3 pkg (24 oz) cream cheese
¾ cup granulated sugar
¼ cup sour cream
Zest and juice of one lime or small lemon (wash before zesting)
Zest and juice of half an orange (wash before zesting; remaining half will be used in topping)
5 large eggs, room temperature

Topping:
1 cup sour cream
Zest and juice of half an orange
6 Tbs granulated sugar

Place oven rack on the lowest level of the oven. Preheat oven to 350°F.

For the crust:
In a small bowl, combine graham cracker crumbs and sugar. Add melted butter and mix. Press onto the bottom of a nine-inch springform pan. Bake crust for 8-10 minutes until slightly golden. Cool. Wrap springform pan in a double layer of foil, or one layer of foil and then place in an oven bag (like the kind used for turkeys). Place springform pan in a larger roasting pan.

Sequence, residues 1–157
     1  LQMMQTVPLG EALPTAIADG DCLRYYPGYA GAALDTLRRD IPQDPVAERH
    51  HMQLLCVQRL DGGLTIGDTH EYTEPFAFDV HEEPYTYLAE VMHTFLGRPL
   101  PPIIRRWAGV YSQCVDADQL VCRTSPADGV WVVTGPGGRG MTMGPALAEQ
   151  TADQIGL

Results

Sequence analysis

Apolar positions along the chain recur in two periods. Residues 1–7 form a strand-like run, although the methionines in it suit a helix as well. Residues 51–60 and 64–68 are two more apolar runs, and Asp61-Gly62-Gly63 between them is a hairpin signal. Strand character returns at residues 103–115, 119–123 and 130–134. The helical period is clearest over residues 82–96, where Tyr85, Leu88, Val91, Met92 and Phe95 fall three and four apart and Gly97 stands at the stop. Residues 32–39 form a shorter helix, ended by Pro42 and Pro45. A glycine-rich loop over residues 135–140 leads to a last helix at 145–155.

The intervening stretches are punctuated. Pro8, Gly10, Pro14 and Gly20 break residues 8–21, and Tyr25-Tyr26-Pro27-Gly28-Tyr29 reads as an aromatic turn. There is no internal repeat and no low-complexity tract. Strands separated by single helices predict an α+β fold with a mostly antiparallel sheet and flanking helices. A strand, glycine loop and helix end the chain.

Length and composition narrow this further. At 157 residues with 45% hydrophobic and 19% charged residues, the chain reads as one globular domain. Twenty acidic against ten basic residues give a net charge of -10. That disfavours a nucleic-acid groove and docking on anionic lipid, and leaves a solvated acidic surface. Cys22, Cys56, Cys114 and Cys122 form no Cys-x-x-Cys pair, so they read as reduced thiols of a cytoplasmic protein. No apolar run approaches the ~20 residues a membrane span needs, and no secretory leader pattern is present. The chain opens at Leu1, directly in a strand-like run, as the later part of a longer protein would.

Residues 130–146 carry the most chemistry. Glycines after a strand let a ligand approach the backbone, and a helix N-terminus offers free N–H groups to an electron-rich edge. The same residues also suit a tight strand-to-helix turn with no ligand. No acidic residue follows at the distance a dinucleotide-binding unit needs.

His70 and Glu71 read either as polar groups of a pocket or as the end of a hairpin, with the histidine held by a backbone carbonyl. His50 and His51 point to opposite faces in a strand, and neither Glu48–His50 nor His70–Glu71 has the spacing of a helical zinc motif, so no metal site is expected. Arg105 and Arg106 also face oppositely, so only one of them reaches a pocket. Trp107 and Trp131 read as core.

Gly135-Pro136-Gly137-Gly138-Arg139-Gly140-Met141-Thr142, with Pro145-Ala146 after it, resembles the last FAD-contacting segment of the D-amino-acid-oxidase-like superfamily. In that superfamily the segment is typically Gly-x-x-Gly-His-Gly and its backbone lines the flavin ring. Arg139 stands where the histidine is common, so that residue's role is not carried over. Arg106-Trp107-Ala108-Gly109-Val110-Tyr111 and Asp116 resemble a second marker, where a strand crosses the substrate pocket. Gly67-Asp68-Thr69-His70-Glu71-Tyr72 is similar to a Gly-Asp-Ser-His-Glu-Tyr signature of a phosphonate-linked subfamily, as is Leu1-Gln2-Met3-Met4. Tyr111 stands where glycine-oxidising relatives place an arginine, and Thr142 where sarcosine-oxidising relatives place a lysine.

For the filling:
With a mixer, beat together cream cheese and sugar until smooth. Add sour cream, citrus zest and juice. Mix well. Add eggs, one at a time, mixing until just incorporated.

Pour filling over crumb crust.  Fill roasting pan (not springform pan!) with very hot (almost boiling) water to about 2-inches deep.

Bake cheesecake in the water bath for about 60 minutes. The cheesecake will have puffed significantly, and the middle will still be slightly jiggly. Remove pan from water bath and run a sharp knife around the sides, but do not remove ring. Cool for 15 minutes on a wire rack on the counter.

For the topping:
Combine sour cream, orange zest and juice, and sugar together in a small bowl. Pour over slightly cooled cheesecake and let stand for half an hour at room temperature.